Following her marriage to Claude-Eric Lazard, Steel had her first daughter, Beatrix, at age 19. Twelve years later she had son Nick with Bill Toth. John Traina adopted both children upon marrying Steel, and they went on to have kids Maxx, Trevor, Todd, Samantha, Victoria, Vanessa and Zara together.
After battling bi-polar disorder for much of his life, Steel’s son, Nick, committed suicide in 1997, at age 19. Steel subsequently penned His Bright Light: The Story of Nick Traina (1998), and has called it her most personally meaningful book.
Danielle Steel’s Homes
Steel has homes in San Francisco and Paris, though she also spends time in New York and Los Angeles with her children. Her 55-room San Francisco mansion is the former home of Adolph Spreckels, whose family founded a successful sugar company, and is known for a 30-foot surrounding hedge designed to keep out prying eyes. Her Paris apartment, reportedly previously owned by Prince, boasts an extensive display of taxidermy specimens, including a giraffe in the foyer.
Danielle Fernandes Dominique Schuelein-Steel was born on August 14, 1947, New York City. She was the only child of John Schulein-Steel, scion of the German Löwenbräu beer family, and Norma da Câmara Stone dos Reis, daughter of a Portuguese diplomat, who divorced when Danielle was eight years old.
Splitting her time between France and New York, Steel was exposed to the dramas of high society at an early age, but otherwise weathered a largely lonely childhood. She threw herself into her books and developed a love for fashion, determining she would pursue that path for a career.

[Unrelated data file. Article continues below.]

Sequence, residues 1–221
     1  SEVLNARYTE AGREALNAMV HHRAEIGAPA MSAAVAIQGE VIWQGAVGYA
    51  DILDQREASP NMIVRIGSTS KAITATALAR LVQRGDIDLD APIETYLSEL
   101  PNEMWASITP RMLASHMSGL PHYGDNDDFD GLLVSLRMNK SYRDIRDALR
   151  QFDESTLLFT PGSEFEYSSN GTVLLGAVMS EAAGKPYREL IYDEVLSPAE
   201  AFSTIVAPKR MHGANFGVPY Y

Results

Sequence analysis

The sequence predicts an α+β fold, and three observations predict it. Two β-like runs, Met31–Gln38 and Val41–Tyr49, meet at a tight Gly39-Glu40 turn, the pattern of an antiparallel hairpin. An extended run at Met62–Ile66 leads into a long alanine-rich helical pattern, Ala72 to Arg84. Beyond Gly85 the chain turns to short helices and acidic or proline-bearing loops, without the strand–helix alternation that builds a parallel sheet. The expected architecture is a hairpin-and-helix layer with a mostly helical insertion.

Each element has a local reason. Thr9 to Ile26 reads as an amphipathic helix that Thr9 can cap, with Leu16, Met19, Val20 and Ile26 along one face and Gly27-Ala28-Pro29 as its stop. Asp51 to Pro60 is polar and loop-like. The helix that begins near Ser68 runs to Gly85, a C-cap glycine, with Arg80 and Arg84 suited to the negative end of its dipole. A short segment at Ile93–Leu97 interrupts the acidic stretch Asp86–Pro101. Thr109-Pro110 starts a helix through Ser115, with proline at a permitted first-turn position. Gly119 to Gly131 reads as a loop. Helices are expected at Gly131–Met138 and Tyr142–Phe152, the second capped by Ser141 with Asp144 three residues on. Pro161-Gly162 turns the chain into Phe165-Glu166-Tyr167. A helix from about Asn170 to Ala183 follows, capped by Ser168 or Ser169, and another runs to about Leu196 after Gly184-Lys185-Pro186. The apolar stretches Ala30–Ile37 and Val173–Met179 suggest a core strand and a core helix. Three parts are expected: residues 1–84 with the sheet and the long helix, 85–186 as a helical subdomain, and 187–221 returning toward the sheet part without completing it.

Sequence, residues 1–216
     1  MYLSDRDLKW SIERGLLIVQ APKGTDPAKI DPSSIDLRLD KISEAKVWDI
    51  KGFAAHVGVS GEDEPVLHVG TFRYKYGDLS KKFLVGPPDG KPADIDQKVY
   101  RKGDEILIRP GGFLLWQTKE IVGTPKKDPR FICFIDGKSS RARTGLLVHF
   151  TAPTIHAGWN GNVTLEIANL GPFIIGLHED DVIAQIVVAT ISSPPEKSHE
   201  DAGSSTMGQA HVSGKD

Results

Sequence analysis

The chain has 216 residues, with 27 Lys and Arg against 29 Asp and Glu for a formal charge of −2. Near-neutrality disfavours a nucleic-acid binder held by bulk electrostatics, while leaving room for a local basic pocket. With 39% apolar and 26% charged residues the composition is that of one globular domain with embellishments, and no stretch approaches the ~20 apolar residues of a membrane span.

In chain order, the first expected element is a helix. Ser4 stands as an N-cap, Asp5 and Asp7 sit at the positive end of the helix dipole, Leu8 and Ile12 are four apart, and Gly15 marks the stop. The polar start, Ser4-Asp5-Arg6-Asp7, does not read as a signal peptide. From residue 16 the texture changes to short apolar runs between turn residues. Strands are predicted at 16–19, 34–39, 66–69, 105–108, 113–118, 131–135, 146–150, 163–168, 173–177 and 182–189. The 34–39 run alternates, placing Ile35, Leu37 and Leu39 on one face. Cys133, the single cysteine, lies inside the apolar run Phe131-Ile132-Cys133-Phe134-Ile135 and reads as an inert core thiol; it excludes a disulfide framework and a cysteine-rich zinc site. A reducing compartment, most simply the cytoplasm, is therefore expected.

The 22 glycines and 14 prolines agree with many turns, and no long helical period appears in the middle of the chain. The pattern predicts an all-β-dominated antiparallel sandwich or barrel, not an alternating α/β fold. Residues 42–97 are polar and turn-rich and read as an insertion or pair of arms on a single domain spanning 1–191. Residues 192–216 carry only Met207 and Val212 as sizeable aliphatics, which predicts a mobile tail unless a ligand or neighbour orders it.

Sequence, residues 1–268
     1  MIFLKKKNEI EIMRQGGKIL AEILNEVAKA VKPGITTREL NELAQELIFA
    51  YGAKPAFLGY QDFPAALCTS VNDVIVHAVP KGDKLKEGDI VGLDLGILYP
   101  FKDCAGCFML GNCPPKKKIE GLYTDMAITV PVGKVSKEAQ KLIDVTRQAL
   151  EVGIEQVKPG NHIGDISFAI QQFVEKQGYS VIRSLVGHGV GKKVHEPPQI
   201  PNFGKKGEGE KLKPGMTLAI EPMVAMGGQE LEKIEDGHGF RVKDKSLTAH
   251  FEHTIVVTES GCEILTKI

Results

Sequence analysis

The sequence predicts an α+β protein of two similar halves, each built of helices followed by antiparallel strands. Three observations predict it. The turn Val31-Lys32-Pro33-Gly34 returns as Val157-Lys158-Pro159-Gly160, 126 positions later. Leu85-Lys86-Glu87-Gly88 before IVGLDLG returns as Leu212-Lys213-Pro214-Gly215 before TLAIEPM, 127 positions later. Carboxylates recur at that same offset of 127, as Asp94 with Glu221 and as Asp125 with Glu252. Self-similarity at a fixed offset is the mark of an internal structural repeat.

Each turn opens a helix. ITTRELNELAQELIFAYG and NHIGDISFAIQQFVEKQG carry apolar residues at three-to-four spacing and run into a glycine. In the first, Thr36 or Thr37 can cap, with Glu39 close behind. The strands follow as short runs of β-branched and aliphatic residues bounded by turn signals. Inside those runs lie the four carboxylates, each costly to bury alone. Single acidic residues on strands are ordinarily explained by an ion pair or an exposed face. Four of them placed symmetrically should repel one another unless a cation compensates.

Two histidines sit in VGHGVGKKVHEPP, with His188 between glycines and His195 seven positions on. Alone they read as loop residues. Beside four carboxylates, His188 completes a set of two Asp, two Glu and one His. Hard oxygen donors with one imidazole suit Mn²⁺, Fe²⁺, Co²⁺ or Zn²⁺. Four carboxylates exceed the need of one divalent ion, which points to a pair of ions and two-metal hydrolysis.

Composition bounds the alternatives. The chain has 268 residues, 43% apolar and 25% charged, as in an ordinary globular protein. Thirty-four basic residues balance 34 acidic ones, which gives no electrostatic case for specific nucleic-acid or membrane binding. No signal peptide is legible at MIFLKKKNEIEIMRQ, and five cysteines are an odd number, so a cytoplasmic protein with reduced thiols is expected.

After graduating from New York’s Lycáe Français academy at age 15, Steel attended the Parsons School of Design and NYU. However, she endured a series of health scares, including a tumor that required an ovary to be removed, and dropped out of college before graduating.
Fluent in both English and French, Steel initially found work as a translator, before joining a New York City advertising agency, Supergirls, in 1968. It was during this time that a client named John Mack Carter, then the editor of Ladies’ Home Journal, suggested that she try her hand as an author. Steel took his advice, though she went on to write copy for the Grey Advertising Agency in San Francisco in the early 1970s, as it would take several years until she could support herself by penning novels.
Music, Art and Fashion
With more than 100 books already under her belt, Steel teamed with a group of French composers to try her hand as a lyricist. Her 10-track Love Notes by Danielle Steel, released in November 2013, features songs in both English and French.
Steel ran a contemporary art gallery in San Francisco for four years, and continues to seek new pieces for her homes. A devoted fashionista, she also regularly attends haute couture shows.
Foundations and Honors
In 1998, after the tragic death of her son, Steel launched the Nick Traina Foundation to assist organizations in the areas of mental illness, child abuse and suicide prevention. Shortly afterward she followed with another foundation, Yo! Angel!, which provided food and other supplies to San Francisco’s homeless population.
Steel has been decorated by the French government as an Officer of the Order of Arts and Letters and Chevalier of the Legion of Honor. Stateside, the prolific author was inducted into the California Hall of Fame in 2009.